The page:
Adding more power to a Beech A36 translates to more speed and fun
Hot-rodding is fundamental to the American soul, and it isn’t merely confined to car buffs. Pilots, too, have a need to go faster, farther and higher. It’s an unending quest for most of us, who want more out of our flying machines. And the best way to fulfill that need is by adding more power to an airplane that we already love to fly—which translates to more fun and more speed.
After being shoved out of the spotlight for the last year by the new gaggle of personal jets, the pistons are back. Liberty Aircraft’s XL2 earned final certification from the FAA, becoming the first GA aircraft to come direct from the factory with Full Authority Digital Engine Control (FADEC). Developed by Teledyne Continental, FADEC puts power management into the hands of a computer, resulting in a 15% to 20% fuel economy.
Named Double Vee for the victory over Europe and discrimination, this Texan is the only remaining AT-6 once assigned to the Red-Tailed Angels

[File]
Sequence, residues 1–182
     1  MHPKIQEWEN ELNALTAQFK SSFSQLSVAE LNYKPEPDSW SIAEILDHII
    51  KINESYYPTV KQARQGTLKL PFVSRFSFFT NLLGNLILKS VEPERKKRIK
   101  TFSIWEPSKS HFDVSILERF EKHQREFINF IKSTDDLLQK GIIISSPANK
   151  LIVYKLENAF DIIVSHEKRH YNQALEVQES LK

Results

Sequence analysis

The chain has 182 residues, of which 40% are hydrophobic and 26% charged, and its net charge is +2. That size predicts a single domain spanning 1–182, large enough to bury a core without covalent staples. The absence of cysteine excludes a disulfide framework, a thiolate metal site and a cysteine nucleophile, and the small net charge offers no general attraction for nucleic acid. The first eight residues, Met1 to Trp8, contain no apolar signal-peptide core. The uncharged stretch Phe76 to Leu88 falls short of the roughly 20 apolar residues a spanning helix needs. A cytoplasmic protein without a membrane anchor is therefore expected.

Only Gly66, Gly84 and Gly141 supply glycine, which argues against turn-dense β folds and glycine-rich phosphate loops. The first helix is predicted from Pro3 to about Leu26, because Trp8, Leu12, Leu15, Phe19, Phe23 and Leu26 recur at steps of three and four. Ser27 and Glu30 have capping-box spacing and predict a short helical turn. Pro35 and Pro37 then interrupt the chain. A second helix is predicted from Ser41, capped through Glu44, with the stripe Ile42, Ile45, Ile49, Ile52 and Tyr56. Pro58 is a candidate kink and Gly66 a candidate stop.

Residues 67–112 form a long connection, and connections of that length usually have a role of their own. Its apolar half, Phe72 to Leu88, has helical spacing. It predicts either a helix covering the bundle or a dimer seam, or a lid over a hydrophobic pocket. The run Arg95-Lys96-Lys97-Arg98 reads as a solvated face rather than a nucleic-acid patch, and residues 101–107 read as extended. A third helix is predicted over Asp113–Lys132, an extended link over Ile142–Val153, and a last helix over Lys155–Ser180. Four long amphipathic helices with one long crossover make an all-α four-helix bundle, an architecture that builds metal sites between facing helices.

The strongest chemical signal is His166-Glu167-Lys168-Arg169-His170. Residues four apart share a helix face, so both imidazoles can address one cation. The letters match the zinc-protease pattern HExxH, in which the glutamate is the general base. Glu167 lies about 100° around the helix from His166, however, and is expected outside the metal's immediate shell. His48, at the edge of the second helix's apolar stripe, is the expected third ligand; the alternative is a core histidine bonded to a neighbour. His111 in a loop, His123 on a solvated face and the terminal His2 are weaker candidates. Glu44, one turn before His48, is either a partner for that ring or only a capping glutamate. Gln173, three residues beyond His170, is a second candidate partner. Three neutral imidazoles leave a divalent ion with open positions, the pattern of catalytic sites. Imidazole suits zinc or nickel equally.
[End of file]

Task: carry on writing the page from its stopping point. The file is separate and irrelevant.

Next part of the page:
Their legacy is one of courage in the face of a variety of adversaries—fierce anti-aircraft artillery fire, swarms of enemy fighters, some of the worst weather in Europe and constant derision and discrimination from many of their own comrades in arms during World War II.
John Trefethen, whose name graces one of Napa Valley’s premier wineries, is standing inside an oak barrel room of his historic winery on his 600-acre vineyard. Neatly dressed in jeans and a mustard-yellow silk shirt, Trefethen is regaling his listeners with some hangar talk about a crop-duster that used to land on the one-lane entrance road when the winery started in the early ’70s. In those days, Trefethen was flying his Cessna 182 out of the Napa Valley Airport 10 miles away, causing the crop-dusting pilot to scratch his head.